Quintus Horatius Flaccus aka Horace was probably the world`s first autobiographer. He tells us far more about himself, his character, his peculiar foibles, and his way of life than any other great poet in antiquity.
A firm believer in the ” Life is brief and death is coming, so enjoy each moment” school of thought; All of Horace’s odes are organised around this as they tend to begin with a scene from nature or from society (a great banquet, a drinking party, a forest at dawn) and then progress from this concrete image to an always (thankfully) brief argument that explains why (and how) the reader should enjoy what each day brings, without dreading the future. The odes aren’t united by any one subject; Horace addresses, in turn, various women, virgin maidens, his friend Septimus, and gods ranging from Calliope to Bacchus. He writes of the weather, nature, farm life (“All the farm beasts on the green ground / Gambol, and with time to spare / The world enjoys the open air”), the meaning of Roman citizenship, festivals, feasts, and love. But his philosophy of carpe diem (“pluck the day,” seizing whatever it brings without apprehension) shapes every poem. This pragmatic advice is given in full knowledge that death is inevitable, but Horace doesn’t see this as cause for mourning. Rather, the unstoppable approach of death becomes a moral centre for his work: Accept your mortality and always act in the knowledge that time is short.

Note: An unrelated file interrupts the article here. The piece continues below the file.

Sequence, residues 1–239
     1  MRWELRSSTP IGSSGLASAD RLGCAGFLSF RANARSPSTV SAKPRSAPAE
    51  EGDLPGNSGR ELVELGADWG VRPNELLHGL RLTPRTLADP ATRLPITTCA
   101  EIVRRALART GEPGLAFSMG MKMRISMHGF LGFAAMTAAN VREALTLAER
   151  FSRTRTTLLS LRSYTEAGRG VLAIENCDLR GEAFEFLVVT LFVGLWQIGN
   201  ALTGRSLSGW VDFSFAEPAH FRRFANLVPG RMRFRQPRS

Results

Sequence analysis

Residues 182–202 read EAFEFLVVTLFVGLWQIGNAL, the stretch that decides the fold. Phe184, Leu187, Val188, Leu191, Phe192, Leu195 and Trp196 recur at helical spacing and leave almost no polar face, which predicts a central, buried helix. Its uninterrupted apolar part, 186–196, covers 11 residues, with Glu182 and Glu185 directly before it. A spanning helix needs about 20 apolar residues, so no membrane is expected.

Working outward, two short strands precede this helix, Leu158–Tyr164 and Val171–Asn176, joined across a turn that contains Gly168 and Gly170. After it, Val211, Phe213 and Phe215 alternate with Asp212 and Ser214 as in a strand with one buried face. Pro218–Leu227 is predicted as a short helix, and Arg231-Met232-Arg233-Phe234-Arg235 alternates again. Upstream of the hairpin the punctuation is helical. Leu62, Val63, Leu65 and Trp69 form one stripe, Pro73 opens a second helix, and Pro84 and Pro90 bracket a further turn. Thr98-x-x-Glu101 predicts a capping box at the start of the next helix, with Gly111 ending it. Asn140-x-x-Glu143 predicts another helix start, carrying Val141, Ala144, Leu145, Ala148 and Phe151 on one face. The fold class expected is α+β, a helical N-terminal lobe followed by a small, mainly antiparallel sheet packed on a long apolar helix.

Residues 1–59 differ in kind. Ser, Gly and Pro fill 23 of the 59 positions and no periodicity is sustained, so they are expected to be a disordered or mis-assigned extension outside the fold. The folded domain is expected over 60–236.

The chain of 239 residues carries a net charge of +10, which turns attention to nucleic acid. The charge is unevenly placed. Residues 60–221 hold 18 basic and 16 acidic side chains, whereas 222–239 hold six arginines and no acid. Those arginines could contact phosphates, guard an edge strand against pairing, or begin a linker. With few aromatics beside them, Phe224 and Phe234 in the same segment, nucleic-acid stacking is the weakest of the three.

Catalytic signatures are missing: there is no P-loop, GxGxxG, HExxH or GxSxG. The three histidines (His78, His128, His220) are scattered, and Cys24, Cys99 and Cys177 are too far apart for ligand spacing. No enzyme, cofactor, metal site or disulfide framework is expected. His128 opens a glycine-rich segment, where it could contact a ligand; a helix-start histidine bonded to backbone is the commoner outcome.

Horace’s composition of poetry is his own effort to “seize the present moment.” In his first ode, he describes the various ways that men choose to “grasp the day”; the charioteer competes for the victory palm, “others the civic crown desire,” still others accumulate wealth, or sail abroad for adventure, or fight in wars. “But learning renders me divine,” Horace concludes. “If I to lyric fame arise / My brow shall touch the very skies”